We became fast friends. Had them over countless times for supper. They loved to play cards, always men against women. Gin rummy. He’d tell stories about Lake Michigan, Muskegon Lake, the Causeway between cities when under construction, hunting squirrels that Opal would can. Now that’s something I’ve never given any thought about trying to preserve!
Charlie got a job at Amazon Knitting Company after he finished 8th grade. He almost got fired the first day. The 5-story building was filled with huge knitting and sewing machines which employed over 500 people, mostly women. Charlie was hired as a sweeper. He wanted to show them how ambitious he was, so was sweeping with great enthusiasm and fervor. The fibers from all that yarn had been quietly piling up on the floor. Soon Charlie had yarn dust flying everywhere. It actually stopped several of the knitting lines because the dust entered the machines, halting production. Chastised, he soon learned how to carefully sweep the fibers and keep them from heading upward.
They had an only child, a son Charles Jr. nicknamed Buddy, who died at age 22 from a ruptured appendix in 1950. This was such a painful part of their lives, I just couldn’t ask any questions about him or his death.
Charlie had just traded his Caddy for a Lincoln. After a couple months he told John he hated the Lincoln. It was too big for the garage, and it was sporting several new dings to prove his point. He took the Lincoln in to trade and got another Caddy. A couple weeks later we stopped to pick them up for supper, (we always insisted on driving when we went anywhere with them, sorry Charlie) he was still moaning about his ordeal with the car dealer. The problem? He had planned on financing part of the car, and they told him he was too old for a loan! He needed to pay cash. He was 99 at the time. Hilarious. Paying for the car was not a hardship for him.
By this time he was facing some physical challenges. Walking wasn’t easy and he was losing strength in his legs. He asked John to get information on those elevator chairs you put on stairs to glide you up and down. John gave him the info, Charlie ordered 2 so he could still use the basement for his peanut frying hobby. Plus he had an office and his bedroom upstairs. Opal too was having some health issues. Her forgetfulness was getting worse. Then she fell in a parking lot suffering a couple of back compression fractures. Her spine just kind of collapsed on itself. She had surgery, needed some rehab. The place was nearby so Charlie could visit everyday. Later, he broke his shoulder slipping on the ice, trying to put his garbage container away. He never remembered anything after falling outside that frigid night. Told me countless times, in tears, it was God who picked him up, brought him back to the house, woke up Opal so she could call 911. He had seen God plain as day that night. I never questioned this because I believed him.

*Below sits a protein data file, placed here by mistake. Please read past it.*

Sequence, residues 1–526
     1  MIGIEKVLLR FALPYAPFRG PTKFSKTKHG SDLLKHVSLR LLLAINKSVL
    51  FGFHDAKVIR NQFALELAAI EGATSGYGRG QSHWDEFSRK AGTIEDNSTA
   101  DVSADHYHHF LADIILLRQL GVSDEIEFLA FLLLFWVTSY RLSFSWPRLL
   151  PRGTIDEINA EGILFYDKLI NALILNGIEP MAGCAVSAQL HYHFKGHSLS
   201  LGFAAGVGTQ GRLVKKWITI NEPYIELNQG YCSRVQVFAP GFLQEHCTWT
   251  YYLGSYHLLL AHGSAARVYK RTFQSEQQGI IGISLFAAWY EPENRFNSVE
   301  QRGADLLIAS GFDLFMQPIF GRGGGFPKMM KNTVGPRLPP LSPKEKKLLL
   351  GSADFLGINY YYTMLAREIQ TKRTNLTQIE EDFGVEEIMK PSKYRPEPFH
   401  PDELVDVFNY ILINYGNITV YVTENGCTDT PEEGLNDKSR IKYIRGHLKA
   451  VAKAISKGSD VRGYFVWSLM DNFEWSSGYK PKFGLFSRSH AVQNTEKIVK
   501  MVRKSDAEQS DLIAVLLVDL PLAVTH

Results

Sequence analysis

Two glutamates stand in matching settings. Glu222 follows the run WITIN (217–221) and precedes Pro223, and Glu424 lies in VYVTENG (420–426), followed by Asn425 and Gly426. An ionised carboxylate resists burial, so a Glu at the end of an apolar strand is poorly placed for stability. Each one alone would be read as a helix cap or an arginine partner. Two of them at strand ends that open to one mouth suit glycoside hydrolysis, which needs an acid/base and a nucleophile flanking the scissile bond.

(Charlie’s framed certificate is packed away while we wait-slowly-for our house to sell. This is one of my brother Larry’s awards I just found, similar, but missing the Michigan state seal, and of course 40 years later).
Not in a mushy way, but in a quiet, dignified, serene way. Made you feel warm and envious of what they had and shared. Although it was only 6 years, it was an honor to know and love them. Thanks God…